Sean Epstein^{1}, Timothy J.P. Bray^{2}, Margaret A. Hall-Craggs^{2}, and Hui Zhang^{1}

^{1}Centre for Medical Image Computing, University College London, London, United Kingdom, ^{2}University College London, London, United Kingdom

We propose a novel deep learning technique for quantitative MRI parameter estimation. Our method is trained to map noisy qMRI signals to *conventional best-fit parameter labels*, which act as proxies for the groundtruth parameters we wish to estimate. We show that this training leads to more accurate predictions of groundtruth model parameters than traditional approaches which train on these groundtruths directly. Furthermore, we show that our proposed method is both conceptually and empirically equivalent to existing *unsupervised*approaches, with the advantage of being formulated as *supervised* training.

In contrast, our proposed method (

Unsupervised methods implicitly learn this same approximate target function: outputs (parameters), converted to noise-free signal predictions by a qMRI model, are matched to inputs (noisy signals), just as in conventional MLE fitting:

By explicitly learning this approximate target function, our proposed method reformulates unsupervised parameter estimation as a supervised learning problem.

Two signal models were investigated, one non-linear (monoexponential) and one linear (straight line). Model 1 (monoexponential) was selected for (a) its relevance to qMRI (e.g. diffusion, relaxometry) and (b) its non-degeneracy (c.f. multiexponential models), simplifying the interpretation of network performance. Model 2 (straight line) was selected to remove model non-linearity as a potential explanation for our findings.

Simulated datasets were generated at high and low SNRs by generating 100,000 noise-free signals from uniform parameter distributions ($$$\theta_0,\theta_1\in[0.8,1.2]$$$), sampling them ($$$x=[0,0,0,0,1,1,1,1]$$$), and adding noise. Rician noise was added to Model 1 to mimic MRI acquisitions; Gaussian noise was added to Model 2 to remove noise complexity as a potential explanation for our findings. In both cases, low SNR was defined as $$$\sigma=0.10$$$, and high SNR as $$$\sigma=0.05$$$, where $$$max(S_{noisefree})\in[0.8,1.2]$$$.

Network performance was tested on independently generated datasets with sampling, parameter distributions, and noise matching training.

Network architecture was harmonised across all experiments and represents common choices in the existing qMRI literature: 3 fully connected hidden layers, each with 8 nodes, and an output layer of 2 nodes representing the model parameter estimates. Wider networks were investigated and found to have equivalent performance at the cost of increased training time.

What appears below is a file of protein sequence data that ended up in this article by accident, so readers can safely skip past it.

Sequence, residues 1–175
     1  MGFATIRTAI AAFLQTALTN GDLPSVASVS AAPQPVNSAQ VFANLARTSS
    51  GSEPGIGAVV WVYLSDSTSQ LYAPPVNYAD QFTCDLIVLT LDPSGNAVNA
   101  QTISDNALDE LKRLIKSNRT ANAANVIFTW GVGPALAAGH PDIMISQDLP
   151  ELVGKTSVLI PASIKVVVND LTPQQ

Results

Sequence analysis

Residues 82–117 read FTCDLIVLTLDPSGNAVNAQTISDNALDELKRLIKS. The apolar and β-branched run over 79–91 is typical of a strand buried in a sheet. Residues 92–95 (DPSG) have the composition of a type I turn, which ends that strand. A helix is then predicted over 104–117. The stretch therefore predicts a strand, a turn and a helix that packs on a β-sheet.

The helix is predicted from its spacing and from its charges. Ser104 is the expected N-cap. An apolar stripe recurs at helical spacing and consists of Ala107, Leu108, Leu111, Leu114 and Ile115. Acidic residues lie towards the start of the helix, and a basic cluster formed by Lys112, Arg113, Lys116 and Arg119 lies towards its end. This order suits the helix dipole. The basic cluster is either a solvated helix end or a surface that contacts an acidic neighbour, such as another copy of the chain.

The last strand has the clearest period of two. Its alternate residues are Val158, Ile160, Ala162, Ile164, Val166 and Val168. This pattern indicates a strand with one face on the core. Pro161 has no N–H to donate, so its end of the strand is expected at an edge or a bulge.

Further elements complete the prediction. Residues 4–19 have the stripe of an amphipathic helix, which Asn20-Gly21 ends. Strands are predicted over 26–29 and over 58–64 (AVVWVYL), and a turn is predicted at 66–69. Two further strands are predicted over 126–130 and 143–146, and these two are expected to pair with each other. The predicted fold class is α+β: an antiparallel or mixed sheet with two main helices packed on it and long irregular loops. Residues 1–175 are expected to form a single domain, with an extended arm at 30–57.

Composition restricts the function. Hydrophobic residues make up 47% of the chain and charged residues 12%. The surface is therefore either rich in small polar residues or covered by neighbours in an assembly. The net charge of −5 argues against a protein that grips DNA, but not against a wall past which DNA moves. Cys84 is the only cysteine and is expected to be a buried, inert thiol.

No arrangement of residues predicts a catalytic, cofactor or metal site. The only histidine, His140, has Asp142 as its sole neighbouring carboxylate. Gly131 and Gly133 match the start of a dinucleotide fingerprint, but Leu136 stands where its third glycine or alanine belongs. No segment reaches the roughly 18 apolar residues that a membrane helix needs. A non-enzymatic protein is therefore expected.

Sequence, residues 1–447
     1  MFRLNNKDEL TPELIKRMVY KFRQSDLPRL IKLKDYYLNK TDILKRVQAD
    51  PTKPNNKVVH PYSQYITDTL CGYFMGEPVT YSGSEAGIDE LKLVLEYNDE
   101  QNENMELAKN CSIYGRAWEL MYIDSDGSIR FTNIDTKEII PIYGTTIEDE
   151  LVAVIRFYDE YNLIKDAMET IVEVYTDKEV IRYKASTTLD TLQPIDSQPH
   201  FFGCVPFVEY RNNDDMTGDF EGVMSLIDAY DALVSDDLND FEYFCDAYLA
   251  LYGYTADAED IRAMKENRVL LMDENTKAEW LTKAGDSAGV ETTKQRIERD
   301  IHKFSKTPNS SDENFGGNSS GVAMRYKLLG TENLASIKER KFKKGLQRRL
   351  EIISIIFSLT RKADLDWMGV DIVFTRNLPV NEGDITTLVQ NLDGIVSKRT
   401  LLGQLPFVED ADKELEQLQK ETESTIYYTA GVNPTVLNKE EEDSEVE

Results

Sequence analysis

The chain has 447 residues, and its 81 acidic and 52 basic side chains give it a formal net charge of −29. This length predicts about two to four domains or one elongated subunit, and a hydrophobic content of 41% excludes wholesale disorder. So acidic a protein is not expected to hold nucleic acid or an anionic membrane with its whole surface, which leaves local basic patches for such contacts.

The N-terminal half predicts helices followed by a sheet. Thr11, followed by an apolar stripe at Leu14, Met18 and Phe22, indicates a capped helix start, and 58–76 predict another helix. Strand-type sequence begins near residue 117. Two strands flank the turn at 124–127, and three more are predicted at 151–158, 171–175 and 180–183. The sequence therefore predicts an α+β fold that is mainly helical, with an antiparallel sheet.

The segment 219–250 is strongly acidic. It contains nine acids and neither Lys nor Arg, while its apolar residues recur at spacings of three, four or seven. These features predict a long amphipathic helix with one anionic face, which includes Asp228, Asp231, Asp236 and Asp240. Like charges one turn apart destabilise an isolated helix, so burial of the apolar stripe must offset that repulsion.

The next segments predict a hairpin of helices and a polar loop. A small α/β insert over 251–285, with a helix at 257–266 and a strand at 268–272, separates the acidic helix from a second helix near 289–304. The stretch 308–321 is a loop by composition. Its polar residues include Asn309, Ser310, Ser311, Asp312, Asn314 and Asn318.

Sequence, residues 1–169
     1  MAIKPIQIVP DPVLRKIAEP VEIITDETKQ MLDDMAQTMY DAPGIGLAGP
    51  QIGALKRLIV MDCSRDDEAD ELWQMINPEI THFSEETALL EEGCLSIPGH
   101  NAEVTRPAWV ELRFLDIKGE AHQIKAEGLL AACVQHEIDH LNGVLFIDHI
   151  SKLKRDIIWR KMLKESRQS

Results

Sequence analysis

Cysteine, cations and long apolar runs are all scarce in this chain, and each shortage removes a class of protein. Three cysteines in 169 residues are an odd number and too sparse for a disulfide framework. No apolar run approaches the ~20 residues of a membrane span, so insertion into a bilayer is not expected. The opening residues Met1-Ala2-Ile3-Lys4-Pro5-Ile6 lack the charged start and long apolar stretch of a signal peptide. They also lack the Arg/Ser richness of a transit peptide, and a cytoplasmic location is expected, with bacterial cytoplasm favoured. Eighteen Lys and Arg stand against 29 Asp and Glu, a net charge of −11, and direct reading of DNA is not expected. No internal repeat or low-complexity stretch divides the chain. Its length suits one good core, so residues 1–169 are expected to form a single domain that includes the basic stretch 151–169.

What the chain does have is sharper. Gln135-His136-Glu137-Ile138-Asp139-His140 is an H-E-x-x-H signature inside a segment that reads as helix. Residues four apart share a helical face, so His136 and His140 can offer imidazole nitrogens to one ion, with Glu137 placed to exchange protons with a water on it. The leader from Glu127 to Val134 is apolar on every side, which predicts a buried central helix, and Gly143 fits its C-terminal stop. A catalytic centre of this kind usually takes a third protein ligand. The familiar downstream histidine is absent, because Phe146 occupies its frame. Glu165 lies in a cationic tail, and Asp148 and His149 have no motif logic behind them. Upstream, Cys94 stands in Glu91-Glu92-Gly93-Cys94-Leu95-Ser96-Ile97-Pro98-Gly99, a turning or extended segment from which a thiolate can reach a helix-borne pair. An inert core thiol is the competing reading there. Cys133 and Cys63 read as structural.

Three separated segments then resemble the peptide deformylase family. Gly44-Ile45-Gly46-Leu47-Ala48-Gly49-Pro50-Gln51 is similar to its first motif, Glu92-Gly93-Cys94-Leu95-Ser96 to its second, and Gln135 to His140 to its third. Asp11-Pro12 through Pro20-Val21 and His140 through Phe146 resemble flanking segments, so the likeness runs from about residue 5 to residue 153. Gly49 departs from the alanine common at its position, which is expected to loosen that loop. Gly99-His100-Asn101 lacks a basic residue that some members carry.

As discussed in

Our proposed method brings these benefits of unsupervised networks into a supervised framework by training on independently computed MLE labels. Compared to unsupervised methods, this has the advantage of (a) offloading MLE estimation to separate bespoke algorithms, (b) tailoring training performance to model parameters of interest, and (c) allowing the inclusion of additional information via training labels.

Furthermore, this work sheds light on the relationship between supervised and unsupervised approaches to parameter estimation, and provides a conceptual link between these seemingly-distinct approaches.

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Comparison of our proposed training method (*Supervised*_{MLE}) with traditional supervised (*Supervised*_{GT}) and unsupervised approaches. In all cases, noise-free signals (black) are corrupted with noise (green) and fed as input into the networks. Dashed arrows (red) represent training loss: either between network output and independently-computed MLE estimates (*Supervised*_{MLE}); between network output and groundtruth parameters (*Supervised*_{GT}), or between a noise-free representation of network output and noisy input (unsupervised).

Parameter estimation bias for Model 1 (monoexponential) at low SNR (top) and high SNR (bottom). Arrows point from groundtruth parameter values to mean parameter estimates, averaged over 1000 noise instantiations.

Parameter estimation standard deviation for Model 1 (monoexponential) at low SNR (top) and high SNR (bottom). Each panel shows the mean standard deviation of a given model parameter, at each point in two-dimensional parameter space, averaged over 1000 noise instantiations.

Parameter estimation bias for Model 2 (straight line) at low SNR (top) and high SNR (bottom). Arrows point from groundtruth parameter values to mean parameter estimates, averaged over 1000 noise instantiations.

Parameter estimation standard deviation for Model 2 (straight line) at low SNR (top) and high SNR (bottom). Each panel shows the mean standard deviation of a given model parameter, at each point in two-dimensional parameter space, averaged over 1000 noise instantiations.

DOI: https://doi.org/10.58530/2022/2530